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Playing the percentages

Well I never.  One Facebook post and some questionable statistics (ultimately from the Bank of Thailand) and suddenly economic equality is the new buzz.  Thailand is, according to just one source, Number One in the world for economic inequality.  And the powers that be are not happy.

Before now, almost every comment on the national economy health and well-being has been couched in terms of GDP.  A random sample of recent articles in One Of The Bangkok Newspapers reveals how.

‘The UTCC predicts GDP will grow 4.5% in 2019, 4.8% in 2020, 4.6% in 2021 and 5% in 2022’ with the assumption that higher growth is automatically better growth and A Good Thing.

‘The tourism sector accounted for 10.4% of global GDP in 2017’ with the assumption that a sector than accounts for more GDP is therefore more important and A Good Thing.

‘Iconsiam’s opening is viewed as a bright spot for the kingdom’s economy, which has been growing only sluggishly with just a 4.6% rise in GDP’ with the assumption that a hyper-luxury hyper-monstrosity must be A Good Thing because it raises GDP and raising GDP is A Good Thing.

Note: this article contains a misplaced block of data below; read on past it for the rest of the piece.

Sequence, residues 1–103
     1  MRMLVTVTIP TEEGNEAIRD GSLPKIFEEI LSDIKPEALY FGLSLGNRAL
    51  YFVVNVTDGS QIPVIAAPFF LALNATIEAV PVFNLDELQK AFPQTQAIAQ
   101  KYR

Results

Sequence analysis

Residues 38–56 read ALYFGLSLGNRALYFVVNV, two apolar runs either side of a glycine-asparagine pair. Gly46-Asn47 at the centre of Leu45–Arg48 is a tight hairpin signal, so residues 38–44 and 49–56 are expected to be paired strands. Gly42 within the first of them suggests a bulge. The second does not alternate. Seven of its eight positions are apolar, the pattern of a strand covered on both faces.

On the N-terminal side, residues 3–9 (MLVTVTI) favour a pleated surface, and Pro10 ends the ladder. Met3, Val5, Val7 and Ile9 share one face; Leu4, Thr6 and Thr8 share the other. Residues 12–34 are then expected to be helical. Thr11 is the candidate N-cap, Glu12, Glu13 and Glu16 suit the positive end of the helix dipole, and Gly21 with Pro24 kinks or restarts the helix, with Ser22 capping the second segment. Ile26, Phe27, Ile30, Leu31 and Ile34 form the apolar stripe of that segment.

So what is GDP?  And why is it generally assumed to be such A Good Thing that this single number will tell us if the economy is doing well (when it goes up) or not (when it falls)?

The economics textbooks tell us that GDP measures the market value of all goods and services produced in a given country or sector over a given period of time.  So if GDP goes up, it means more goods and services must have been produced.

Is that good?

Not always.  Suppose on your drive home tonight, you are involved in an accident.  Congratulations.  You’ve just boosted GDP.  The vehicle repairs, the medical treatment of victims, the services provided by insurance agents and police officers, all will contribute to GDP.  And none would have happened without the accident, which therefore, according to GDP economics, is A Good Thing.

And what if GDP goes down?  Is that always bad?

No.  We are all being encouraged to use cloth shopping bags instead of plastic.  If successful, then over the long term, this will reduce the production of plastic bags (partially offset by a much smaller increase in the production of cloth bags), which will lower GDP.  So helping the survival of the planet, according to GDP economics, is A Bad Thing.

GDP, you see, includes not just goods and services, but bads and disservices.

Note also that, as with everything in the mainstream capitalist system, GDP is restricted to ‘market value’.  If there is any economic activity which is not paid for, like the masses and masses of work done mostly by women in looking after homes, children, the sick and the old, it has no market value and so does not count toward GDP.

Expecting GDP to be, by itself, an accurate measure the health of an economy is akin to expecting a single clinical measure, such as temperature, or blood pressure, or weight, to be, all by itself, an accurate measure the health of a person. 

GDP, like body temperature, tells us something, but nowhere near the whole thing.  We need more measurements before we can properly decide if something is economically good for us or not.